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Cheer and chocolate at Wilbur’s of Maine

May 4, 2018

Victoria Yu
CALLING CHOCOHOLICS: Wilbur's of Maine has occupied their current Maine Street location since 1987, three years after opening in Freeport.

Cappuccino Meltaway Truffles. Almond Butter Crunch. Coconut Clusters. Dark Chocolate Pecan Turtles.

Peering into the glossy display case at Wilbur’s of Maine Chocolate Confections on Maine Street is enough to entice even the slightest of chocoholics. The chocolates, in an assortment of shapes and shades of rich brown, sit closely one beside the other in the glass case, together forming an expanse of smooth and sticky confection.

The treats, which range from chocolate blueberries and chocolate molds to fudge and caramels, owe their popularity to the Wilbur family. Tom, Catherine and their son Andy—Wilbur’s current owner—have been running the family business for nearly thirty-five years.

In 1979, Tom and Catherine, from California and Boston, respectively, packed their things and came to Freeport, hoping to live beside the ocean and work as school teachers in the area. In 1983 Freeport was beginning to see a rise in factory storefronts and general businesses. The couple—tired of teaching for the time—had the idea to open up a chocolate shop in town.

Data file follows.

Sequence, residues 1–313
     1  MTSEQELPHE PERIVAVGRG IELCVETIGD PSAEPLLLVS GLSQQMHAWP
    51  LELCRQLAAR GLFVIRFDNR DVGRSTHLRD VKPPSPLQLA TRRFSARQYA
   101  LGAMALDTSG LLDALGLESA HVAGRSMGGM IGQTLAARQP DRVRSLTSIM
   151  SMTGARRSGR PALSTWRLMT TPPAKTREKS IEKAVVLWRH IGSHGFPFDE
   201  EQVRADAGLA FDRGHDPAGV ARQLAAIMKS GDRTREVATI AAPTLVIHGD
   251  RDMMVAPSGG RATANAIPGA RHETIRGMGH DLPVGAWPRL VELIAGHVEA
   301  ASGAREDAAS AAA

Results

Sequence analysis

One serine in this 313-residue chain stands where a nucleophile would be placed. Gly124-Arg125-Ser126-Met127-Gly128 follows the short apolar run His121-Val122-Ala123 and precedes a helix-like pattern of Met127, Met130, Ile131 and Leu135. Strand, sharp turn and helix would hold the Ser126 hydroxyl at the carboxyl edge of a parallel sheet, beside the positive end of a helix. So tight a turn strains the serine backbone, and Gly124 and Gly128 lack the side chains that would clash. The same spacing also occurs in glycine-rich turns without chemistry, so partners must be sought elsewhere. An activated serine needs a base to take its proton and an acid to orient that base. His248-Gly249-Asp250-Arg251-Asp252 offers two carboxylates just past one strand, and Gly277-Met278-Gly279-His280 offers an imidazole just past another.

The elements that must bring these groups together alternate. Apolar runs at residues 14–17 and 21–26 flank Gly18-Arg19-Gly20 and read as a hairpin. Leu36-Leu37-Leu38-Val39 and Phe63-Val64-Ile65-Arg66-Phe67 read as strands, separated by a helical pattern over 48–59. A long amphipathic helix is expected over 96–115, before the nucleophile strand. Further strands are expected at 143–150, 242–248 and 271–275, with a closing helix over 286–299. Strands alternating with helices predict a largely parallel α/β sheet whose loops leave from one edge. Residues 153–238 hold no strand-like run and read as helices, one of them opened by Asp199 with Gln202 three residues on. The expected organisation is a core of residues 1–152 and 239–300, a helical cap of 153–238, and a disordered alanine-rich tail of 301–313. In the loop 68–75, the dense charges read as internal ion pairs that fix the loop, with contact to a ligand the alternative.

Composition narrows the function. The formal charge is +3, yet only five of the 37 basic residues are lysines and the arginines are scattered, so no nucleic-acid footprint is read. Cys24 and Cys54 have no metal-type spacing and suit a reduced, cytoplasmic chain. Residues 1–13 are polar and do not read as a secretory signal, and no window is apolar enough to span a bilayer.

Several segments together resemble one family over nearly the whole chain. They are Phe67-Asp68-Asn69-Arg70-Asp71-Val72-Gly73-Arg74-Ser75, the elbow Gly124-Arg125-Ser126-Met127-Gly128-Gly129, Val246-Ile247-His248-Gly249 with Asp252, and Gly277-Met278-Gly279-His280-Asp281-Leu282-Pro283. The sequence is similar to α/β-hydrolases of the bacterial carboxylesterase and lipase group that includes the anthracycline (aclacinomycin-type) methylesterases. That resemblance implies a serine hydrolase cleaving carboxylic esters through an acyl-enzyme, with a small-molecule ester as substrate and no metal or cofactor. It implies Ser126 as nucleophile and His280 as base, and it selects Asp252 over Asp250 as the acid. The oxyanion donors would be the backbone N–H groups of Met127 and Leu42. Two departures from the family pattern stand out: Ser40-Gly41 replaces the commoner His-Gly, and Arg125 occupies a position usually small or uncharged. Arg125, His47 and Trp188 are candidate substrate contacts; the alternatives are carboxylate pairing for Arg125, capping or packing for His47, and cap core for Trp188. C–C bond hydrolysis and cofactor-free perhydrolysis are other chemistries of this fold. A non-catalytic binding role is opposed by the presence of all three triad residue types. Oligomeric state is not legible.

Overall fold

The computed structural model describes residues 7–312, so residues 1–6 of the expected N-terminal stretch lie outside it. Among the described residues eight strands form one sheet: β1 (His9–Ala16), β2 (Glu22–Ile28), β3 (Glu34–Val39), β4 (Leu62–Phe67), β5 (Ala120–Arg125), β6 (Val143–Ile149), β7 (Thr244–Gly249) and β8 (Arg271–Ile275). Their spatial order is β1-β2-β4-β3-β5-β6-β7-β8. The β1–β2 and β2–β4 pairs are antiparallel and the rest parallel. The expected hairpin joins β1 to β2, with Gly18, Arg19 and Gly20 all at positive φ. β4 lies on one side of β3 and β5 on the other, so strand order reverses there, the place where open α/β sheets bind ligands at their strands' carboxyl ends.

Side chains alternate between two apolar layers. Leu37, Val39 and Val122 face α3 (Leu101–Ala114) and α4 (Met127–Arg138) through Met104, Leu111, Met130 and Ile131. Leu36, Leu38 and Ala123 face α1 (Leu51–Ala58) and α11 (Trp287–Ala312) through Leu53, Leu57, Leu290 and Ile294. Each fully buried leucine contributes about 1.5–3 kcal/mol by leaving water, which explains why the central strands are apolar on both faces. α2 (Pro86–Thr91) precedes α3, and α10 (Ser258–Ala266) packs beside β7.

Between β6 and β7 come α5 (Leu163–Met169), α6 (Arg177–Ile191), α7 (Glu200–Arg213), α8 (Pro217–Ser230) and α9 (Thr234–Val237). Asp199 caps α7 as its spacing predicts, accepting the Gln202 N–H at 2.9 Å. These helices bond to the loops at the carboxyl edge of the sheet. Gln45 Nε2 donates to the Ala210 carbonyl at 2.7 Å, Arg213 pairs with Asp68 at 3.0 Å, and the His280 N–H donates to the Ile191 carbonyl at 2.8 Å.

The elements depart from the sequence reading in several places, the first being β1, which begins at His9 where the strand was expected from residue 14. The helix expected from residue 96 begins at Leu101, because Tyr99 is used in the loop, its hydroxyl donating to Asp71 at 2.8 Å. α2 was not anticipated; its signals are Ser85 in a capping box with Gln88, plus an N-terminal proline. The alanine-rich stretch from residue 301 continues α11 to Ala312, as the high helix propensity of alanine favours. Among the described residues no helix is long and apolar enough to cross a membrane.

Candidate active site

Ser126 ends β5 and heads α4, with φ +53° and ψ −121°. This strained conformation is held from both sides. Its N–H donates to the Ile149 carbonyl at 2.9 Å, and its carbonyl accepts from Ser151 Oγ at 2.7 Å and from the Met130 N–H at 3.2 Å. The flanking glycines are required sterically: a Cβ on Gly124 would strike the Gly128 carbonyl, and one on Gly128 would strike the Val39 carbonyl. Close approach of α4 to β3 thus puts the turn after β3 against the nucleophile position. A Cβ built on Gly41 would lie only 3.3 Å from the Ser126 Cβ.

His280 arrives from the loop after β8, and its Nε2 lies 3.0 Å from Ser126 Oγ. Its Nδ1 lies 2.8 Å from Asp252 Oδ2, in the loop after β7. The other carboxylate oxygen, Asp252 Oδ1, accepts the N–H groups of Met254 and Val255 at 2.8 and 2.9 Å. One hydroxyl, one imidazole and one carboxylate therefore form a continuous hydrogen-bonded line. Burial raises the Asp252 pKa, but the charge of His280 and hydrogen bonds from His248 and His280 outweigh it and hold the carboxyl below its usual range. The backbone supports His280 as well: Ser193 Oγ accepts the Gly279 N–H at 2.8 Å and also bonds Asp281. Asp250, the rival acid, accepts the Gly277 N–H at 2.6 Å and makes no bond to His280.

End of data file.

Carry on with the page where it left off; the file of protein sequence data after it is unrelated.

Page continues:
By 1987 business was booming in the Wilburs’ first store—a shop tucked cozily into the second floor of a Bow Street storefront. Ready to expand and seeing an opportunity to do so in Brunswick, the two purchased their Maine Street location in a space that had been previously occupied by Tontine’s Fine Candies, another candy shop whose owner was looking to retire.

The business began strictly as a retail store. Tom and Catherine’s initial intention for their Bow Street location was to buy and sell chocolate, not to make it. With time, however, the couple began experimenting with chocolate making and eventually, the two began creating and selling homemade Maine chocolate.

“When we first started, we made it at home, but now we have a chocolate factory in Freeport as well,” said Catherine. “Once we realized that we could make a better product if we did it ourselves, that’s the way we went.”

Today, the Wilburs make about 95 percent of the chocolate in their store and purveying local-homemade products has quickly become central to the store’s mission.

“Making our own chocolate is very important to us because it helps us to employ more Maine people,” explained Catherine. “We also use Maine products whenever we can. We just think that that’s important,” she added.

In 2016, Andy Wilbur officially took ownership of the business and has moved the business forward, playing a major role in decision-making as well as in developing inventive new chocolate recipes. In his new position, Andy tries to keep his parents’ values of community engagement and connection to Maine in mind.

For now, his biggest goal is to give back to the community of returning customers who have contributed to the business’s success. The family is currently working on completing an event space at its Freeport location to host local parties and seasonal activities for the community.

“At Christmas we sell build-your-own chocolate houses instead of gingerbread houses, at Easter we have an Easter egg hunt that’s free for the community. Every month we do something so people can come in and make something with candy,” said Catherine.

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